Lincoln Morris wrote the following editorial following his work to engage presidential candidates on the issue of climate change while they toured Iowa prior to the caucuses. Click here to view the candidates answer Lincoln's questions. As a project leader he is also engaged with a letter-writing campaign on his campus to state and federal representatives to highlight the need for climate action.
IOWA ORGANIZER FROM YOUNG EVANGELICALS FOR CLIMATE ACTION
“It didn’t use to be like this. Environmentalism used to be an issue everyone cared about,” remarked the elderly man, as he shook his head sadly.
Last fall, Northwestern College (IA) invited presidential candidates Rubio, Fiorina, Christie, and Santorum to speak. A few other student leaders and I organized a group of around 40-50 college students and community members to wear t-shirts reading, “What About Climate Change?” to the event. Our goal was not to protest, but to invite the candidates to address the issue; to help them understand that we Christians care about what I believe to be the biggest global threat to humanity. The quote from the man above is just one of many I heard that night…
I normally arrive at candidate town halls an hour or two early, to guarantee that I find a good seat near a microphone. Once in place, I rummage through my bag, looking over the notes I’ve written down and review the question I’ve carefully selected. I repeat this process as the room slowly fills, and engage those sitting around me. If I’m alone, sometimes I sit there and pray until the speech begins.
When the Republican presidential hopefuls I’ve been listening to begin to conclude their speeches, my body tenses as I prepare for action. After the final applause, I spring into action. If the candidate is taking questions, I either move purposefully to the nearest microphone or my hand shoots into the air. If not, I move quickly to catch the candidate before they slip away. If I am successful, my questions typically begin with:
“Hello, my name is Lincoln. I’m a local representative for Young Evangelicals for Climate Action (YECA). Thank you for being here, I have a question about climate change.”
If I’m in a room filled with the average northwest Iowa crowd, the mention of climate change results in a sense of disquiet in the room. Climate change is an issue that they have not heard addressed for most of the campaign trail. Candidates haven’t needed to - because no one has asked them about it. Their responses consequently vary:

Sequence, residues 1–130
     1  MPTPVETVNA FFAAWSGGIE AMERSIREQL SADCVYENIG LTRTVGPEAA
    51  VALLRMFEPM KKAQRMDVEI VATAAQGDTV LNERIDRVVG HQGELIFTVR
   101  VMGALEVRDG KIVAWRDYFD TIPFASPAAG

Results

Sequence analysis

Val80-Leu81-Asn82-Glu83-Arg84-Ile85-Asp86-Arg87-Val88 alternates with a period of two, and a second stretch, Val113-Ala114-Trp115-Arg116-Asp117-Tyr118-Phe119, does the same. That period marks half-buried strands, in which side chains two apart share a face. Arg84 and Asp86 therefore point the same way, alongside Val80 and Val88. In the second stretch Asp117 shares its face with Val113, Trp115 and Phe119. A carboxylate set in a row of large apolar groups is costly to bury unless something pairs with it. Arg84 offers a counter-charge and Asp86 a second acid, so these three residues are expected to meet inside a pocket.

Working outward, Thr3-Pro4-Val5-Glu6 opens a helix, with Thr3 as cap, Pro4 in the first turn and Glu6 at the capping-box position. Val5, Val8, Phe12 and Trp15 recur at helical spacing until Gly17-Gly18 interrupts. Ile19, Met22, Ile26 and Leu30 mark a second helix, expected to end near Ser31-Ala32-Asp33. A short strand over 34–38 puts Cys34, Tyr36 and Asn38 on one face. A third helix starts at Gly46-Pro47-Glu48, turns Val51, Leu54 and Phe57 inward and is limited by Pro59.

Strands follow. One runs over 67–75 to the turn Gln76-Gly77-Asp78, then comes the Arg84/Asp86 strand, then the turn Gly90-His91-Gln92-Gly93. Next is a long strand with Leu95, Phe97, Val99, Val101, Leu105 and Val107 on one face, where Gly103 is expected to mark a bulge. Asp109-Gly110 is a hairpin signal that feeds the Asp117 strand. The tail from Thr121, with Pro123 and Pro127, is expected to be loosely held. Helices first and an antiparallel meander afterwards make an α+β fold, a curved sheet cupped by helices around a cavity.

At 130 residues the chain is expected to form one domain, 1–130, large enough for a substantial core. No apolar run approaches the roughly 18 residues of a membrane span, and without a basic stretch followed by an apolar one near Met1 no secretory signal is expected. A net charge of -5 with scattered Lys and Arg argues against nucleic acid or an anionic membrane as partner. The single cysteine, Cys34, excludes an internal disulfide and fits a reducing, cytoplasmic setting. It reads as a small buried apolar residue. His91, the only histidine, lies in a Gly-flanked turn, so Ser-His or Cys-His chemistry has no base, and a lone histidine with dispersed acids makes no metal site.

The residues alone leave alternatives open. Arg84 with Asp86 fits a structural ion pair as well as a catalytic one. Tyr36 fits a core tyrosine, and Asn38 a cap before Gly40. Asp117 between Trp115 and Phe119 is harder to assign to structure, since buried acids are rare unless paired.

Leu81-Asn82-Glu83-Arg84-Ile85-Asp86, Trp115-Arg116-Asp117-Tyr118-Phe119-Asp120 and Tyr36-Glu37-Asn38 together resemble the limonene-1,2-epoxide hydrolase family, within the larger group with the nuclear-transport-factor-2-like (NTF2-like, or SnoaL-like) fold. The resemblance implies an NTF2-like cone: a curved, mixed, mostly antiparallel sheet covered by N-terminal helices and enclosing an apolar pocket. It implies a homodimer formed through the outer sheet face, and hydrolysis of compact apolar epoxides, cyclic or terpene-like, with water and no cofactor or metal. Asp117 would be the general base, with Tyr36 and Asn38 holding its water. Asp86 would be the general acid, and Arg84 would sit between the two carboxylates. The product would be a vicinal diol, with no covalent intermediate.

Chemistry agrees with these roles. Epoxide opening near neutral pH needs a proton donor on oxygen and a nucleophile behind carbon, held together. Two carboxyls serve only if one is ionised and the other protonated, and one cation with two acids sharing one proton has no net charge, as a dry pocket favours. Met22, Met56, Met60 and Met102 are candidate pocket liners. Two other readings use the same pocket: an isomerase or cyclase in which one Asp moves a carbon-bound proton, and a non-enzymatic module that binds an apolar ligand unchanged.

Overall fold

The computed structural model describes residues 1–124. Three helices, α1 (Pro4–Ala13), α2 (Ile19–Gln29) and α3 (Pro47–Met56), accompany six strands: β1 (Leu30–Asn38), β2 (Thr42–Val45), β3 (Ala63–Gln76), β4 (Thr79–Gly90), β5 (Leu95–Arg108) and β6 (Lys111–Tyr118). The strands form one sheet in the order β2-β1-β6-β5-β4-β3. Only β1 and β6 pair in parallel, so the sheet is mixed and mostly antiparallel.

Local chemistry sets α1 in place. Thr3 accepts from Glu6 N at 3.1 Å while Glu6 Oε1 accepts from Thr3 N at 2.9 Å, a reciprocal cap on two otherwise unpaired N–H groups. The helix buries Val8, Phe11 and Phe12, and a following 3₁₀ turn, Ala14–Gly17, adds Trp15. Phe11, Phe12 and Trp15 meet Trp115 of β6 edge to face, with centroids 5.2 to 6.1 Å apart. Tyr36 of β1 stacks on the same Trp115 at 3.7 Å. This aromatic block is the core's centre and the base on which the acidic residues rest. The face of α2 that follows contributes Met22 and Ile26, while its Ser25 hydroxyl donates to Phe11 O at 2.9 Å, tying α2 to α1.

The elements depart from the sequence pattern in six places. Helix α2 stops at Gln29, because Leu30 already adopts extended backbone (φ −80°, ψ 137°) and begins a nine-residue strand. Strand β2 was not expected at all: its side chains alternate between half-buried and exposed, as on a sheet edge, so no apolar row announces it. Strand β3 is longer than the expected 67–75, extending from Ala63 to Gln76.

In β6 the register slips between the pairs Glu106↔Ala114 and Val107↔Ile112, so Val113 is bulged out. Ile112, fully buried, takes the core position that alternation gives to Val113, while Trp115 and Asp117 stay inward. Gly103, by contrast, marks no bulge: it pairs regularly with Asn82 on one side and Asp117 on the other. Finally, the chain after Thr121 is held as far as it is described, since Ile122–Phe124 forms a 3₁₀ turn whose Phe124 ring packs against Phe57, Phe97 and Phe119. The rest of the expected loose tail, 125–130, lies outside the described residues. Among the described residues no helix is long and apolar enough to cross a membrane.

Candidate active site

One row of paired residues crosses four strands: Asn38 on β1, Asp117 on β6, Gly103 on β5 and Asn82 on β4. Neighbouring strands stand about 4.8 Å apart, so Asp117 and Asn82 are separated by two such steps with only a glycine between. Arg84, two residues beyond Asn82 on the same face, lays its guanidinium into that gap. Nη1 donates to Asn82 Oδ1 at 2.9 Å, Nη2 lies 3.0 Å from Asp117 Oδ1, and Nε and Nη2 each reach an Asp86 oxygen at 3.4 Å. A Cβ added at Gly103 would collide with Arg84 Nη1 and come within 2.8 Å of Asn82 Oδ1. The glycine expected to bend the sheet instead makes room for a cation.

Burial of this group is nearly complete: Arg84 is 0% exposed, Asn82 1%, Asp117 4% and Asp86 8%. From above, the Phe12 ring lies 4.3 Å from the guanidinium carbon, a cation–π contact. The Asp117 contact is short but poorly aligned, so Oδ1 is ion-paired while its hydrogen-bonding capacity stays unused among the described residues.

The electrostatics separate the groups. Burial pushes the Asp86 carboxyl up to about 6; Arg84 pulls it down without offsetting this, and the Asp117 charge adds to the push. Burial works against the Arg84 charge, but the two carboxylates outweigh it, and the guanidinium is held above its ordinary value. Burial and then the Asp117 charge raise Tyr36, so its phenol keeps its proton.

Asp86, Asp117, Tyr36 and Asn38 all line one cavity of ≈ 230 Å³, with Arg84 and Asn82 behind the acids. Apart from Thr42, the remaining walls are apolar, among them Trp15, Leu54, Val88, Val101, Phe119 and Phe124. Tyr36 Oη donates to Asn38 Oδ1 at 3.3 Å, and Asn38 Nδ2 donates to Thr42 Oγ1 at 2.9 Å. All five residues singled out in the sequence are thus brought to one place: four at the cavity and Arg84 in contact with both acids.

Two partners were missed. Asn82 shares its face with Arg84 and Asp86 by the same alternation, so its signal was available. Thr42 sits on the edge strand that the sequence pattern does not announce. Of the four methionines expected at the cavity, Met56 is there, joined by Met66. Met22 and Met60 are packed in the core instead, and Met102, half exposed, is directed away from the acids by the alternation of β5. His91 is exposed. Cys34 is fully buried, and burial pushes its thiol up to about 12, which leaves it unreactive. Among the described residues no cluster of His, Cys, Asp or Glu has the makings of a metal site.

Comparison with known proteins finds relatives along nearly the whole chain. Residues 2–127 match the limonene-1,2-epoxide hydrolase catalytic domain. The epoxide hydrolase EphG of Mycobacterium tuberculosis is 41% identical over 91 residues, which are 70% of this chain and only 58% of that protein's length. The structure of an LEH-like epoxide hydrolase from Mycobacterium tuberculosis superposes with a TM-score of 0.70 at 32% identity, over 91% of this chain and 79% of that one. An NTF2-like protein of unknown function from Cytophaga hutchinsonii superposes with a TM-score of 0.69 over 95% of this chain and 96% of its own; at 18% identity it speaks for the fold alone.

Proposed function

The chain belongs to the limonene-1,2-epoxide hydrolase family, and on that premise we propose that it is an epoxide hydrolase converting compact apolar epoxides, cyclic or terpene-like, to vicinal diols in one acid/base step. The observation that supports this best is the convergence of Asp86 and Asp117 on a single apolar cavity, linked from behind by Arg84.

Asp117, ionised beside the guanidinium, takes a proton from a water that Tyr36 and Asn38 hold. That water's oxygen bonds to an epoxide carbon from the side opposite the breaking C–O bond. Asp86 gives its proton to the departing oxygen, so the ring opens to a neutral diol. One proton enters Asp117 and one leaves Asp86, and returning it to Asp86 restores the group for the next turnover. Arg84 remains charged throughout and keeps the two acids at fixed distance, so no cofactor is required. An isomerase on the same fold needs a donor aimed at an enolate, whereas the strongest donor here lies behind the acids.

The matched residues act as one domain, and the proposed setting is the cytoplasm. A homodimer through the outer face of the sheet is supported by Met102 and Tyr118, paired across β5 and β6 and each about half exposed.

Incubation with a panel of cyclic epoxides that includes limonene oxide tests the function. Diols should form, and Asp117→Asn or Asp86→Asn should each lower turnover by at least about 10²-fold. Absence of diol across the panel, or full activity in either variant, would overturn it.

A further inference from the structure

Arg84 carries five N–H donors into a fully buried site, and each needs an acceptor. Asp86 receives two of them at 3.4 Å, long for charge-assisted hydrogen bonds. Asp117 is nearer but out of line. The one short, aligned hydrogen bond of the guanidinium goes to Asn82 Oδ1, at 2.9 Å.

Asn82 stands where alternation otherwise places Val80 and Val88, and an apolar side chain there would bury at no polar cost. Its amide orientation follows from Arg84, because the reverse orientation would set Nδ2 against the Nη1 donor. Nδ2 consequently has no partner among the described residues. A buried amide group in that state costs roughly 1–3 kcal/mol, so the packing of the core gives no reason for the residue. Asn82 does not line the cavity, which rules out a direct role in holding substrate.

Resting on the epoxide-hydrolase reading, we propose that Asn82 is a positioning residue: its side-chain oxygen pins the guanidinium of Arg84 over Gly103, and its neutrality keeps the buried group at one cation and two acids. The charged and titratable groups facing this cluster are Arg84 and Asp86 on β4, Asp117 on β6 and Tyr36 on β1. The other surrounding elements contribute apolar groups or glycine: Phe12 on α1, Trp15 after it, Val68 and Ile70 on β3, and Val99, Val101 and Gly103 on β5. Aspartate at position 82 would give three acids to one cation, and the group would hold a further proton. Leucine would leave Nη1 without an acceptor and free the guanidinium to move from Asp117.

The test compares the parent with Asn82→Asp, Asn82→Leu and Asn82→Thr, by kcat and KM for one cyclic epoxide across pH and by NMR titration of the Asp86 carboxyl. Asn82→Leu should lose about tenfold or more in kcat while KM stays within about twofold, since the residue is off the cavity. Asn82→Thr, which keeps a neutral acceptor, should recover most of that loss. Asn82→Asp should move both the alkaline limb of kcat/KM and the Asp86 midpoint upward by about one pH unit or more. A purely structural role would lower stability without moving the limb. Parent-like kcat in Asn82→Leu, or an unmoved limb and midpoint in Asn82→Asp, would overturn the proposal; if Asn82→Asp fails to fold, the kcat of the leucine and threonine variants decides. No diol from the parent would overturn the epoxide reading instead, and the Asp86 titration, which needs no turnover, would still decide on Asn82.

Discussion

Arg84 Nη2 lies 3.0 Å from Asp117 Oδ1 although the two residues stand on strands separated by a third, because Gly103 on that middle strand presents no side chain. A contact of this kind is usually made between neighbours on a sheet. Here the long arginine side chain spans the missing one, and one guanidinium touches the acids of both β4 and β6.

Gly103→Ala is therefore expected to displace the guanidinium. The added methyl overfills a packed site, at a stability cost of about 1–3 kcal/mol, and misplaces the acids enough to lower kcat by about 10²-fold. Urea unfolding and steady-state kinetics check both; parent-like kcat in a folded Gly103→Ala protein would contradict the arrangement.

Mr. Trump will “talk to me about it later.” (I’m still expecting that phone call.)
Senator Rubio thinks we should continue to use oil because it’s a “clean source.”
Dr. Carson ignores the question and thinks Obama’s Clean Power Plan is ineffective.
Governor Christie would not take any direct action, but thinks it’s okay because New Jersey uses a lot of renewable energy!
YECA identifies as a nonpartisan organization because protecting our environment and taking action on climate are decidedly not partisan issues. As I traveled around northwest Iowa for the past few months before the Iowa caucus – my home base is Northwestern College in Orange City – the conversations I had have only confirmed this notion. I have been verbally abused at times, but the vast majority of conversations I’ve had with Republican voters have resulted in good, fruitful dialogue. People get it. Once removed from the animosity of left-right politics, people understand that my passion for these issues emerges not from the desire to push some liberal agenda, but because I believe we have a biblical mandate to protect and serve Creation and to love our neighbors. And the best way to do this is through cooperation and Christian love.
With the Iowa caucuses behind us, the election looms ahead. My experiences thus far have been equal parts disheartening and hopeful. The widening rift between right and left politics has created such a caricature of democracy that it seems politicians from either party focus more on winning voters than addressing actual issues. Climate change is one of these issues – a reality that disproportionately impacts the poor in this country and around the world. However, I will wholeheartedly testify that the rhetoric I’ve heard from candidates does not accurately reflect the concerns of Iowans I’ve encountered. Voters young and old, liberal and conservative all share concern for our common home. It is time for the conversation to shift from one of divisiveness to one of unified action, for the sake of the world my generation will inherit.